Six kilometres south of Molyvos, the unexpected volcanic *monolith of Petra, rising 46m almost vertically into the air behind the bland shoreline of the bay, gives the impression of a grounded meteorite. It is in fact a ‘volcanic neck’—a cylindrically shaped rock formation that re mains when magma solidifies in the vent of a volcano and is subsequently left exposed by the erosion of surround material; it is of the same origin as the famous rock ‘stacks’ in Arizona, such as Shiprock and the funnels of Monument Valley. These are the peculiarities of (geologically) ‘recent’ volcanic landscapes, such as that of Northern Lesbos; there is another similar rock, also crowned by a church, at nearby Stipsi, 7km east of here. The present church on the rock at Petra, the Panaghia Glykophilousa, dates from the mid 19th century; but the cultic significance of the summit is considerably more ancient. Access to the church is by over one hundred rock-cut steps on the north side. On the front and corners of the projecting porch at the summit, are naif, carved stone heads, similar in style and of comparable date to those on the doorway of the kafeneion in Vasilika (see p. 73). The tight complex of the church and its surrounding buildings occupy all of the limited space on top of the rock; the bird’s-eye view they afford of the village from above, beautifully reveals the tight-knit pattern of houses in both stone and wood, lining streets often ‘roofed’ with pergolas. The striking dissonance between the roofs covered with original patinated tiles, and those made with modern tiles which do not ‘weather’, can also be seen.
At the foot of the rock to the north is the *church of Aghios Nikolaos, a single-aisled 16th century ‘basilica’ of great simplicity, built in unadorned stone but memorably decorated inside with a cycle of Late Byzantine paintings of different periods in a relatively good state of preservation. The fine, and virtually complete, procession of Saints on the walls embraces the nave where the congregation stands: it includes the female saints on the west wall to either side of the door, and begins (southeast) with one of the finest panels, in which SS Peter and Paul together support an image of the Holy Church, beside a venerable St Andrew who gives his blessing. The narrative panels above are artistically less distinguished, though clear and highly decorative.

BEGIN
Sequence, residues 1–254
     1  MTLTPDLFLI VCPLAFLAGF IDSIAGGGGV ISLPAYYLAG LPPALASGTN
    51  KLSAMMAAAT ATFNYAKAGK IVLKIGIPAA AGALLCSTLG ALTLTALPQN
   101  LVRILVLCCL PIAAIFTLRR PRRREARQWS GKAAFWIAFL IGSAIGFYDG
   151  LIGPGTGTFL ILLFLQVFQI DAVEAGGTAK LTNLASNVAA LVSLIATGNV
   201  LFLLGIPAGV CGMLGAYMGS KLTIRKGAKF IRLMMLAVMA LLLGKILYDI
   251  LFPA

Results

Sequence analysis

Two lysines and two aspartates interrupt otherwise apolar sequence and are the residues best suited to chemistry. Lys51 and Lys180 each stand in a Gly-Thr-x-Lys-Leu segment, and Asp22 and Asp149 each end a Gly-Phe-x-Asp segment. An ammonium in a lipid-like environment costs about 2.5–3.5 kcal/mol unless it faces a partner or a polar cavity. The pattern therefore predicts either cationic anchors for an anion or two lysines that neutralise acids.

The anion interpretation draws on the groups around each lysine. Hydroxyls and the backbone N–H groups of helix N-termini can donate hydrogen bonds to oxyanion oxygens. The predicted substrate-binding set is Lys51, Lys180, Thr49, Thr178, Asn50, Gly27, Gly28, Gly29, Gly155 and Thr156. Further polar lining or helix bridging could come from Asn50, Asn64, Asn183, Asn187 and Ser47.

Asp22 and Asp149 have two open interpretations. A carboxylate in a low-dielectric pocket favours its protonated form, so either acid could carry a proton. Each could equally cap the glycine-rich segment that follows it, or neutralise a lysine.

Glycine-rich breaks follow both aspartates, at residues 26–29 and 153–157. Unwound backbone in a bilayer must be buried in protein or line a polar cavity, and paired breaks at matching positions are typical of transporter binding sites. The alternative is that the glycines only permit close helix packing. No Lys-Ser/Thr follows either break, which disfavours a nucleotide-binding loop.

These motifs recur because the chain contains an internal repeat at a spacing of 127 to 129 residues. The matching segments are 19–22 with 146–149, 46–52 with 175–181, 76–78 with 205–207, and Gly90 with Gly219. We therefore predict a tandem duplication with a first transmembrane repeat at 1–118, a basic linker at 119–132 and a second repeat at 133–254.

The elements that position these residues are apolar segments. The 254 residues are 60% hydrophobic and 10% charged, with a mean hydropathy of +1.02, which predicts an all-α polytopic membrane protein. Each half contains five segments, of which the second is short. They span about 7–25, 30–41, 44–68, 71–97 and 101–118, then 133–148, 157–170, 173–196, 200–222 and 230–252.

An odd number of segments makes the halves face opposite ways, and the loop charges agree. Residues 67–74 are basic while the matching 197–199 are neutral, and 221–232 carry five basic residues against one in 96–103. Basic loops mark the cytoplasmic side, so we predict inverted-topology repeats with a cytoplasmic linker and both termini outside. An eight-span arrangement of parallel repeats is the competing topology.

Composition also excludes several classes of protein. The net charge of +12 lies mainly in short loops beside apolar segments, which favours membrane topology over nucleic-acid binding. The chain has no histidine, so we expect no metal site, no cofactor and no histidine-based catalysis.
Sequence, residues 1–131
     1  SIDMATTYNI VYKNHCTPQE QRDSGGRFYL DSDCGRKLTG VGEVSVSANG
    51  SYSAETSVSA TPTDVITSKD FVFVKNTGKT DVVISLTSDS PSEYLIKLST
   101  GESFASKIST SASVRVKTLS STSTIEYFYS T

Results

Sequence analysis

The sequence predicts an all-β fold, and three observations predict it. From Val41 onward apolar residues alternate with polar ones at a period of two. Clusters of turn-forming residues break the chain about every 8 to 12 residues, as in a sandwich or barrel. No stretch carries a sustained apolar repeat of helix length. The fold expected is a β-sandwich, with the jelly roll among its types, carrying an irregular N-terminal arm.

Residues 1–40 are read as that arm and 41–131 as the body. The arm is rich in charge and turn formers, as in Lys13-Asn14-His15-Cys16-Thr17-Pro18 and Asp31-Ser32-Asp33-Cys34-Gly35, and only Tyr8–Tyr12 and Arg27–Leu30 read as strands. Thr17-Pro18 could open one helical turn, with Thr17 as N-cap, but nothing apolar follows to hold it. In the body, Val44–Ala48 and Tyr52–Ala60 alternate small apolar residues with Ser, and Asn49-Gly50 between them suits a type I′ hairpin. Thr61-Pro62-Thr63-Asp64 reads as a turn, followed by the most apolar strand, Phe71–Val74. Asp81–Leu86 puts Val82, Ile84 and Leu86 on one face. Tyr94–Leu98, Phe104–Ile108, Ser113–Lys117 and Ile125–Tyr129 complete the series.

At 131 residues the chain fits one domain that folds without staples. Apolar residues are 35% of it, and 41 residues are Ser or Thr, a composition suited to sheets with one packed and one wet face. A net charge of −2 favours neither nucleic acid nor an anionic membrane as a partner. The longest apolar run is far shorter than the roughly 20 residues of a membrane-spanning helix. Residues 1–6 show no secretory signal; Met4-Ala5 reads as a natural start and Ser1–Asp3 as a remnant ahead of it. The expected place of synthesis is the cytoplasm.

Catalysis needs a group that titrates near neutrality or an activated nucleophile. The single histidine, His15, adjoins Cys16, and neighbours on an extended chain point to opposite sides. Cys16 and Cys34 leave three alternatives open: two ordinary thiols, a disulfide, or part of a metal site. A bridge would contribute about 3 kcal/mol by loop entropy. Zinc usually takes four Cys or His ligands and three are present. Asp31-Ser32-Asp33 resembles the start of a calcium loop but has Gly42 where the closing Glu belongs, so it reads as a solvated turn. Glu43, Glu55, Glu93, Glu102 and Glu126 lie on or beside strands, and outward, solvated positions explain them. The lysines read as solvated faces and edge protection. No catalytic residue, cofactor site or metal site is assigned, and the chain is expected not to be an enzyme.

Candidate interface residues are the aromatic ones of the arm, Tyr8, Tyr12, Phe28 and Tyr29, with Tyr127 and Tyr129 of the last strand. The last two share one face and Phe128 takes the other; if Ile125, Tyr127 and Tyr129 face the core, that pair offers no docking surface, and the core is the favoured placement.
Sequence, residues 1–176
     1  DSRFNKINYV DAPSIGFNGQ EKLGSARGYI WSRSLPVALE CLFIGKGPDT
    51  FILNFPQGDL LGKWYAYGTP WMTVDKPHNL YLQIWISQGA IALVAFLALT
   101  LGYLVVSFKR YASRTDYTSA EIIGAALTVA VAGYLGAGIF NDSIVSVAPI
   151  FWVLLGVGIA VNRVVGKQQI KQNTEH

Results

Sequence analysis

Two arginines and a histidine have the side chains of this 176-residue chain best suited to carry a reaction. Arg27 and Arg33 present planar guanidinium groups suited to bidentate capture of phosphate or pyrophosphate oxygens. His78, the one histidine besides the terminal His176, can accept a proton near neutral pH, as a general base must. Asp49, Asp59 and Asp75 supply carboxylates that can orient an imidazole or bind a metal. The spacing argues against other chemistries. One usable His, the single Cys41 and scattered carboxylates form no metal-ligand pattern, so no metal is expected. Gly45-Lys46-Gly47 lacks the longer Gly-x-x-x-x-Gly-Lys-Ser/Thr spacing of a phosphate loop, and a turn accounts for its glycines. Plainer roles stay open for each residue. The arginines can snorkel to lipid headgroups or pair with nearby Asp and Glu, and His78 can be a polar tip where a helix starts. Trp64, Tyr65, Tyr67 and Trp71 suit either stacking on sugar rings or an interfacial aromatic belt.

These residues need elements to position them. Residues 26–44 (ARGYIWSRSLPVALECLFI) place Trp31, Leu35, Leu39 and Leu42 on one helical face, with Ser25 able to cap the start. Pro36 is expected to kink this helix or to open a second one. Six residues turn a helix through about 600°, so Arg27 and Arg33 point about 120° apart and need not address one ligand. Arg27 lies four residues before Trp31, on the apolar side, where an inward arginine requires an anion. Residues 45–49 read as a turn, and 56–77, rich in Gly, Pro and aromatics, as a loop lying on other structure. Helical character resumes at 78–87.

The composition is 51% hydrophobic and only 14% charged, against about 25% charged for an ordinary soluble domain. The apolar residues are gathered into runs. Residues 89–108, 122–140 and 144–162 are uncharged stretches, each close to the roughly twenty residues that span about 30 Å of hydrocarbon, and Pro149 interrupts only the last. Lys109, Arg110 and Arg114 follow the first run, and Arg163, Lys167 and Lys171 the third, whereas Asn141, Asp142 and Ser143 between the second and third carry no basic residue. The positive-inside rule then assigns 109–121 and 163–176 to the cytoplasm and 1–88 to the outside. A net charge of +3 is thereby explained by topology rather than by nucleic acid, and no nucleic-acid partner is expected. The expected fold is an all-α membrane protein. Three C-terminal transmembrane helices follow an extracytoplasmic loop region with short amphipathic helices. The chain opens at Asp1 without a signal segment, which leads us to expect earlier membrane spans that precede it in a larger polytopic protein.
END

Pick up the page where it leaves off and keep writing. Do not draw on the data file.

In the heart of the old quarter of Petra southwest of the rock, a fine example of a 19th century Ottoman merchant’s mansion, the Archontiko Vareltzidaina, has survived and is now restored and open to the public (open daily May–Sept 8–7, Oct–Apr 8–3; closed Mon). The exterior appearance is restrained, with a simple entrance at street level into a plain stone wall; above, closed wooden balconies, or sachnisia, project beneath the wide horizontal wooden eaves typical of Turkish domestic architecture, and whose origins lie far back in the wide flaps of nomad tents. The interior on the upper level is bright and airy, laid out with the open design customary in an oriental home, in which rooms are not planned strictly according to function as in the West, but are interchangeable and furnished with movable elements, such as rugs, cushions, braziers and lamps, in which most of the decorative attention is concentrated. There are well-preserved painted panels of marine scenes, views of ships, and coastal topographies in the woodwork and the ceiling frames. The majority of such mansions of this kind in Greek territory, especially in the eastern Aegean islands, were destroyed after 1923; it is a rare fortune that this one has survived so well.
The small uninhabited islets (Aghios Giorgos Petras, Myrmiringi, Mikronisi etc.) in the Bay of Petra are refuges for breeding and migrating sea-birds, with substantial colonies of shag, cormorant and Audouin’s gull.
Lesvos Island is part of the Northern Aegean Island Group, Greece.
Monolith of Petra.